The Competition Commission of Pakistan (CCP) has slapped a fine of Rs10 million on Engro Vopak Terminal Limited for violating the anti-trust law by entering into an exclusive chemical-handling agreement with Port Qasim Authority.
A CCP bench comprising Chairperson Rahat Kaunain Hassan and members Vadiyya Khalil and Joseph Wilson passed an order in respect of the proceedings initiated against Engro Vopak Terminal (EVTL) and Port Qasim Authority (PQA) for entering into a prohibited agreement in violation of Section 4 of the CCP Act. The penalty was imposed on EVTL for its failure to seek exemption under Section 5 of the Act.
PQA has also been directed to take immediate action to address the competition concerns stipulated in the order within a given timeframe. CCP said failure to comply with the directives would make both PQA and EVTL further liable for a penalty of Rs1 million for each day of default.
Earlier, CCP took notice of exclusive rights granted to EVTL through a concessionary agreement between PQA and EVTL to handle and store all liquid chemicals at Port Qasim for 30 years which appeared to have an object or effect to prevent, restrict and reduce competition within the relevant market unless exemption is sought under Section 5.
Keeping in view the implications under the concession agreement, the bench also observed an apprehension that PQA has awarded all major terminals on build, operate and transfer basis for 30 years which may set a tendency for exploitative and exclusionary practices. Therefore, PQA has been directed to apply for exemption in respect of all other concession agreements which will be reviewed by CCP on case-to-case basis.
Law applies to old agreements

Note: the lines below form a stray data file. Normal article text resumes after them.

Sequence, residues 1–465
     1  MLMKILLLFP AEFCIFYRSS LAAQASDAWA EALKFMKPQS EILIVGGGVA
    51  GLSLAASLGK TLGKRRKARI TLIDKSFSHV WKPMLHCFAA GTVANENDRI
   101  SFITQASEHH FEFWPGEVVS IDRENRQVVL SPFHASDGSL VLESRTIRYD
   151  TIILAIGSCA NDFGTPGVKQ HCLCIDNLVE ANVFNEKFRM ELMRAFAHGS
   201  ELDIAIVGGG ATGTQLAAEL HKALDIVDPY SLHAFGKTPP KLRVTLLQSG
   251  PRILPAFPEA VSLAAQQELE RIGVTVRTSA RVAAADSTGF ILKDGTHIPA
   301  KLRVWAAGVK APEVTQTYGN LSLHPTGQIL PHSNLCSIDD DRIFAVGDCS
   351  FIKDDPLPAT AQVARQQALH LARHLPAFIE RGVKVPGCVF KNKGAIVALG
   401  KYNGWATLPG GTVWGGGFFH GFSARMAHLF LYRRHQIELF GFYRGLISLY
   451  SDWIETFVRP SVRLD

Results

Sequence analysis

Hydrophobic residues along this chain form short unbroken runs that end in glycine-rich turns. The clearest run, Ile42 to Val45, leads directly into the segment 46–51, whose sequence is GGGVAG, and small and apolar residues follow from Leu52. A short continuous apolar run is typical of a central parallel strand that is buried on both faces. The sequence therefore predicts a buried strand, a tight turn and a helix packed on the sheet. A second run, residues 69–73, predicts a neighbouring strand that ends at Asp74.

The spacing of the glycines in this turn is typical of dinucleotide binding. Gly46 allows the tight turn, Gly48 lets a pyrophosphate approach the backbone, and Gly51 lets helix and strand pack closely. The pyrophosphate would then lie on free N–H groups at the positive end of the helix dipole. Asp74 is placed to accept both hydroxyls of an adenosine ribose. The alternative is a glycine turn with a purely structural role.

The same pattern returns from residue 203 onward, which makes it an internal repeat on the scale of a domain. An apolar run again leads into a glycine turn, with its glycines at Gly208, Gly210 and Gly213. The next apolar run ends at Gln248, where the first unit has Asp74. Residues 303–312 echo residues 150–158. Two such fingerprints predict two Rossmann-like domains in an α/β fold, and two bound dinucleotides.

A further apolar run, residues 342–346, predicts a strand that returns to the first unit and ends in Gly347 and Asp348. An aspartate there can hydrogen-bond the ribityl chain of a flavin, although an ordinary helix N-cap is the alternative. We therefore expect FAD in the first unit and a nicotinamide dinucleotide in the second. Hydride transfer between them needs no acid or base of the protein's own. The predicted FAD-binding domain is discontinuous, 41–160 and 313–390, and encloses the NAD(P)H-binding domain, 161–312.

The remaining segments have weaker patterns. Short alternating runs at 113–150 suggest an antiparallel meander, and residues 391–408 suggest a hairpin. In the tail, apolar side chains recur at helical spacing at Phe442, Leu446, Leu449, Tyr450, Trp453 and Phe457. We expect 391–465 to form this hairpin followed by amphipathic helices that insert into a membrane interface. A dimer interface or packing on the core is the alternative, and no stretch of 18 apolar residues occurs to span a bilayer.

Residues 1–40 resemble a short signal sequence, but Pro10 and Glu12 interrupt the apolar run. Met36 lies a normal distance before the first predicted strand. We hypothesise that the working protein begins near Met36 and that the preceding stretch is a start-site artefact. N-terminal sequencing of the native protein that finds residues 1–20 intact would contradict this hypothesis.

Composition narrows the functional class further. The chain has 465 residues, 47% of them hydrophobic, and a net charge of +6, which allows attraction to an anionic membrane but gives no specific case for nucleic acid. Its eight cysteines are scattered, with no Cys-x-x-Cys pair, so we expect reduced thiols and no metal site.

During the proceedings, EVTL argued that the CCP Act is not applicable to the concession agreement as it was executed prior to promulgation of the Act.
However, PQA filed an application under Section 5 to seek exemption in respect of the agreement during the course of hearing. The bench in the order held that all agreements entered into prior to promulgation of the Act but are continuing and have object or effect to restrict competition within the relevant market, fall within the purview of Section 4 of the Act and are required to seek exemption under Section 5.
The bench was of the view that competition issues need to be taken into account at various stages of a concession, including its design, the award process and its execution, as well as in the regulatory framework for the markets concerned. In the given facts and circumstances, it appeared that PQA has failed to carry out due diligence to determine the competition indicators and shortcomings of the market and also to entrust EVTL with certain obligations or impose constraints to prevent any potential abuse of dominance and to achieve the desired general economic interest.
After taking all the facts and circumstances into account, the bench granted only conditional exemption with respect to the agreement and has directed PQA to take immediate action to review the agreement and incorporate effective provisions to address competition concerns stipulated in the order.
The bench also took notice of the fact that in 2009, there was 21 per cent increase in volume of EVTL as compared to the preceding year, but profit increased by over 78 per cent amounting to Rs917 million.
Published in The Express Tribune, July 2nd, 2011.
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